What’s worse, the ruling Hashemites “insisted that the West Bank become a part of the Hashemite kingdom as well [starting in 1948]. Then, when they retreated and ran away wearing women’s clothes in 1967, they came back and told us suddenly: ‘You from the West Bank are now not Jordanians any longer, you are Palestinian.’”
Zahran’s interpretation of the Jordanian regime’s message to its newly minted Palestinians after Israel captured the West Bank? “You can live here as a subhuman who pays taxes and gets nothing in return.”
He believes that the exclusion and precarious situation of Jordan’s Palestinians, who are pushed to look to Israel for redress, is a “huge” part of what is fueling hatred and animosity toward Israel.
“Most Palestinians in the West Bank hold [only] Jordanian passports, except for a few thousand… Even [Palestinian Authority President] Mahmoud Abbas has a Jordanian passport, as does his family and most senior officials in the PA,” he says. “Why are we opening our hospitals to our Libyan brothers in Jordan, opening our universities to our Saudi brothers, our job market to our Egyptian brothers – 340,000 of them work in Jordan — and denying a tourist visa to a Palestinian in the West Bank who already holds a Jordanian passport?! That’s unfair… a passport that doesn’t allow you to enter your own country!”
Zahran therefore believes that a democratic Jordan that embraces its Palestinian majority will help to solve the conflict with Israel.
“The West-Bankers can call themselves Jordanians as much as I can call myself Palestinian,” he says. “They can have a state or not, attach it to Jordan or not, but once we get rid of the Hashemite regime we can have a huge change of circumstances.”
Of moderates and Islamists
Zahran believes the popular image of the Jordanian monarchy as a moderate bulwark amid a rising tide of Islamism in the Middle East is deceptive. The King, rather than fight Islamists, actually props them up in order to make himself appear as a crucial moderate, he claims — “like a man who trains vicious Rottweilers and then says ‘I’m keeping them at bay.’”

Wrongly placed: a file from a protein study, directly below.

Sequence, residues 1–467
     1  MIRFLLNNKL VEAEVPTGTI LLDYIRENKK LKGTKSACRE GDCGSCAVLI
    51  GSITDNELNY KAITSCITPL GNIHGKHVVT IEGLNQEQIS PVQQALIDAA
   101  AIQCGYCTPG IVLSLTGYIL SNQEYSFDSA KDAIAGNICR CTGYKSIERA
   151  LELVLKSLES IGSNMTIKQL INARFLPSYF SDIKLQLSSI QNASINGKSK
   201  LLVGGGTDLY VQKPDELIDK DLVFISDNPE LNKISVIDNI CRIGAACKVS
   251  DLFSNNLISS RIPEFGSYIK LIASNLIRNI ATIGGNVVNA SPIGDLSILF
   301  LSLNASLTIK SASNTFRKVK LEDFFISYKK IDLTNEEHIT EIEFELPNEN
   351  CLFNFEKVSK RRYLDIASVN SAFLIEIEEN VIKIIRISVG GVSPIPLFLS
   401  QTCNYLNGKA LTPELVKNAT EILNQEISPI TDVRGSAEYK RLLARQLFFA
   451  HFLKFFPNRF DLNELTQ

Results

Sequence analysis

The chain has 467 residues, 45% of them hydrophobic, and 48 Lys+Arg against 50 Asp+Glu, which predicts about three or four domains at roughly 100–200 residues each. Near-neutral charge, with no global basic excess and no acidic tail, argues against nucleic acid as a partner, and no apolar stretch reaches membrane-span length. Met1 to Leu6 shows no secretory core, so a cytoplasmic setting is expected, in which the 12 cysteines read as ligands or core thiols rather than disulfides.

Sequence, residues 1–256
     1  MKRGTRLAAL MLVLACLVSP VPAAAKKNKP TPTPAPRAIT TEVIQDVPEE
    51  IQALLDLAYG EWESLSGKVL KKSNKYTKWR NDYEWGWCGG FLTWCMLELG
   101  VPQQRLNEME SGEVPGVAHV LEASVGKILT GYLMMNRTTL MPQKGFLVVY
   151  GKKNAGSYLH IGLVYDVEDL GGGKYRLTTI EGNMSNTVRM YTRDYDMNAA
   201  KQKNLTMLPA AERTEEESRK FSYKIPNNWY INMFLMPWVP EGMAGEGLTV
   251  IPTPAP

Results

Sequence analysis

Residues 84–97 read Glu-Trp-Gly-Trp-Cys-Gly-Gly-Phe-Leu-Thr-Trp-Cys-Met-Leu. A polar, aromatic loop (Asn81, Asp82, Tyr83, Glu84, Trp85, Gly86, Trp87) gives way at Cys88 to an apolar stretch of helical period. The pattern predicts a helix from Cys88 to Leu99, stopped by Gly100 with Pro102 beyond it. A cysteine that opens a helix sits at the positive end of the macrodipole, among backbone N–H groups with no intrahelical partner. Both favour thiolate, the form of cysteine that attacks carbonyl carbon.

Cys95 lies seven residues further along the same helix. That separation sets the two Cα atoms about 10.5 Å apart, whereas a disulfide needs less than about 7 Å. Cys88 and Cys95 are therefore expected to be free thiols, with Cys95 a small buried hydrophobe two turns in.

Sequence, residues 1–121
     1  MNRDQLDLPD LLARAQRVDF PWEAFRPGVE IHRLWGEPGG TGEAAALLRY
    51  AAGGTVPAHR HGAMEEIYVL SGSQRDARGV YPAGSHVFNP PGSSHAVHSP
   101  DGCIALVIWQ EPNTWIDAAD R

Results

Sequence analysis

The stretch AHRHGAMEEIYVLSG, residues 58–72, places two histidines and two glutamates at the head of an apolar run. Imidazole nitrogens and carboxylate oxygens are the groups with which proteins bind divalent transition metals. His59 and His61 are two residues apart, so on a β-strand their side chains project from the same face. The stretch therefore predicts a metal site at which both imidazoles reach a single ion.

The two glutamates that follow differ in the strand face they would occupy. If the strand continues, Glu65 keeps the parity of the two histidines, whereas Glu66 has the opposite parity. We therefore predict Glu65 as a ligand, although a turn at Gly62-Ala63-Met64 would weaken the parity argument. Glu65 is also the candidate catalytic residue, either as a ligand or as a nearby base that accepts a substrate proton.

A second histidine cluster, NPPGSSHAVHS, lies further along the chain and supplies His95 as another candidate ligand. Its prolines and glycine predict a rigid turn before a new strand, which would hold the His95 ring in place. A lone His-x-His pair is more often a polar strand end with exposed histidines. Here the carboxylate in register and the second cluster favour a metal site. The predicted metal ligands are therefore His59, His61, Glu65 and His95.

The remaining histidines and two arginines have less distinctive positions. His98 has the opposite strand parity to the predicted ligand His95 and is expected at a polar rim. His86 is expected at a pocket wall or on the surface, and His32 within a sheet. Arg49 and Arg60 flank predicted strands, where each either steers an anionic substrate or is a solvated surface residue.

According to Zahran, this unspoken alliance between the Islamists and Abdullah runs deep.
“The Muslim Brotherhood has been pampered by the regime,” he claims. “They own private hospitals, schools, private businesses, even parts of government institutions — they are very rich. We don’t have money.”
Zahran sees the coming contest over Jordan as one between well-funded but unpopular Islamists and secular forces that, while representing the public, lack resources.
“The leader of the Muslim Brotherhood said on November 20 that he examined the Brotherhood’s options and they don’t want to see the regime fall. What that means is that if [the Hashemites] fall, he doesn’t think the Muslim Brotherhood can win.” In fact, because of Jordan’s proximity to Iraq and Syria, both historically secular states that have influenced the Kingdom, Zahran believes that the Muslim Brotherhood commands the support of no more than one in eight Jordanians.
And this secularism is reflected in the JOC’s platform. “The secular Jordanian Opposition Coalition understands fully that if we want support from the West, the price is to maintain peaceful relations in the area, to maintain peace treaties and to not compromise Israel’s security, and” — he adds significantly — “we want that for our own good.
“But this doesn’t mean it will be easy. The media does not report about the secular opposition running the whole revolution coalition. They just report on the Muslim Brotherhood. We secular forces don’t have the money or support that we need.”
Indeed, Zahran is adamant that the West must empower those parties in Jordan that share Western values and objectives, and that it must do so before it is too late. “There are two options before you: a secular force that is dominant but poor and ignored by the media, and which will respect the peace treaty with Israel and take a forceful stand against terrorism… or the Muslim Brotherhood. It’s either or. The world has to choose.”
And then, citing Iranian meddling in Jordan, he issues a dramatic warning: “If the king of Jordan falls, unless someone helps the seculars, [Hamas kingpin] Khaled Mashaal, a citizen of Jordan, is very eligible to become the next president of Jordan.”